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Ferry Finally Hauled Off Great St. James

The damaged Royal Miss Belmar being brought into West Gregarie Channel off St. Thomas.(Jim Wilkinson, Water Island Photos)The Royal Miss Belmar, which ran hard aground on Great St. James island on July 4, was finally moved off Saturday and onto a barge, SeaTrans Director Marjorie Smith said.

It took the barge with a crane aboard, pulled by a tug sent from New York, to do the job. Smith said the Royal Miss Belmar remains on the barge in St. Thomas. She said she didn’t know where the ferry boat was going next.

The boat ran aground, injuring five passengers, on its way from St. John to St. Croix after a special trip to St. John for the St. John Festival. The boat had 98 passengers and four crew members on board.

The accident happened around 10 p.m. It punctured each pontoon of the 89-foot catamaran ferry and the bottom suffered dents. Planning and Natural Resources Enforcement Chief Austin Callwood said in late July that there was no coral damaged on impact.

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However, the elkhorn and staghorn coral under the ferry suffered in the aftermath from lines tied to the ferry and from the oil that spilled. Callwood said the coral is now suffering from bleaching.

The barge, crane and tug were supposed to arrive in early August but they were delayed until Friday by the development of Tropical Storm Emily.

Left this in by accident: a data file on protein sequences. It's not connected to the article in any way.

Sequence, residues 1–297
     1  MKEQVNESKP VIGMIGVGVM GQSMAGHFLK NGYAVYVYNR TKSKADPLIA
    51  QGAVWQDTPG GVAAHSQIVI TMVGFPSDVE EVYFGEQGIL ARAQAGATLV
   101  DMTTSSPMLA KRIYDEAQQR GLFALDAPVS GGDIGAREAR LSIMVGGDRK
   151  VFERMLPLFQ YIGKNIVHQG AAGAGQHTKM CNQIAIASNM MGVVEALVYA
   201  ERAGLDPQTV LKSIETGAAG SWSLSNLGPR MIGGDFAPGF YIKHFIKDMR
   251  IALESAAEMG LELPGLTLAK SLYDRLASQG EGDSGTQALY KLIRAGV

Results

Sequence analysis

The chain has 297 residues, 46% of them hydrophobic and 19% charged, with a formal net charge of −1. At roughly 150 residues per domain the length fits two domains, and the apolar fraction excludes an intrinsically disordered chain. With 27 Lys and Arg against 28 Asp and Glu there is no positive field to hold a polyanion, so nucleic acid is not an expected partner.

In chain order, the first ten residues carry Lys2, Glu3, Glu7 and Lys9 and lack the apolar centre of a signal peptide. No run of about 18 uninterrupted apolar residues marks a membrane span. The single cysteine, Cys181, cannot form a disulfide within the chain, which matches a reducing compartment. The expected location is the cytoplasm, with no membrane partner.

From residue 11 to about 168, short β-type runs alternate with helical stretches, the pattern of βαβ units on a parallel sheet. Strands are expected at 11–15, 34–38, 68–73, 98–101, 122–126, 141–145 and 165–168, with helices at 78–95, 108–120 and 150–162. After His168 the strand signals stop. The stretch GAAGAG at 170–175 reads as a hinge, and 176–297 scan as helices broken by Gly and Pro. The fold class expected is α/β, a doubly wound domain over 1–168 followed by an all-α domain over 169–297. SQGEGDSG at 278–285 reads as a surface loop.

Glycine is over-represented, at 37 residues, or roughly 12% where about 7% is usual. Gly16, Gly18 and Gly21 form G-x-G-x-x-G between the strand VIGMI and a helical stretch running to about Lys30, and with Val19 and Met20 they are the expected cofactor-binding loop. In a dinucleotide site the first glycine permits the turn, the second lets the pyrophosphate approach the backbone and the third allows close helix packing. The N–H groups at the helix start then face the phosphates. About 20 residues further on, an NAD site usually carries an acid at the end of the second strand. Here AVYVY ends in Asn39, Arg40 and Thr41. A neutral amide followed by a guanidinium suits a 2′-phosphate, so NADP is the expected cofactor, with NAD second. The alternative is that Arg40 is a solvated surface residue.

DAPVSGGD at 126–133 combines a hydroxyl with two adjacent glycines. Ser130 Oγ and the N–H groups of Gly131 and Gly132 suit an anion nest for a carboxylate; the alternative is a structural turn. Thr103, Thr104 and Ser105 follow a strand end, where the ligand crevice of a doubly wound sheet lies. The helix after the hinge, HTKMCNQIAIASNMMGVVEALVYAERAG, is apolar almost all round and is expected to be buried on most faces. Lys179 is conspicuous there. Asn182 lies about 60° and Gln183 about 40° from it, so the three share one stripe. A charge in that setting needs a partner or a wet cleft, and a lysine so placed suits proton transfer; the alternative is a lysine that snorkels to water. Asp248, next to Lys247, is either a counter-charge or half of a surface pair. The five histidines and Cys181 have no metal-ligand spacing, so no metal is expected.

U.S. Coast Guard spokesman Ricardo Castrodad could not be reached Saturday night for comment.

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The damaged Royal Miss Belmar being brought into West Gregarie Channel off St. Thomas.(Jim Wilkinson, Water Island Photos)The Royal Miss Belmar, which ran hard aground on Great St. James island on July 4, was finally moved off Saturday and onto a barge, SeaTrans Director Marjorie Smith said.

It took the barge with a crane aboard, pulled by a tug sent from New York, to do the job. Smith said the Royal Miss Belmar remains on the barge in St. Thomas. She said she didn’t know where the ferry boat was going next.

The boat ran aground, injuring five passengers, on its way from St. John to St. Croix after a special trip to St. John for the St. John Festival. The boat had 98 passengers and four crew members on board.

The accident happened around 10 p.m. It punctured each pontoon of the 89-foot catamaran ferry and the bottom suffered dents. Planning and Natural Resources Enforcement Chief Austin Callwood said in late July that there was no coral damaged on impact.

However, the elkhorn and staghorn coral under the ferry suffered in the aftermath from lines tied to the ferry and from the oil that spilled. Callwood said the coral is now suffering from bleaching.

The barge, crane and tug were supposed to arrive in early August but they were delayed until Friday by the development of Tropical Storm Emily.

U.S. Coast Guard spokesman Ricardo Castrodad could not be reached Saturday night for comment.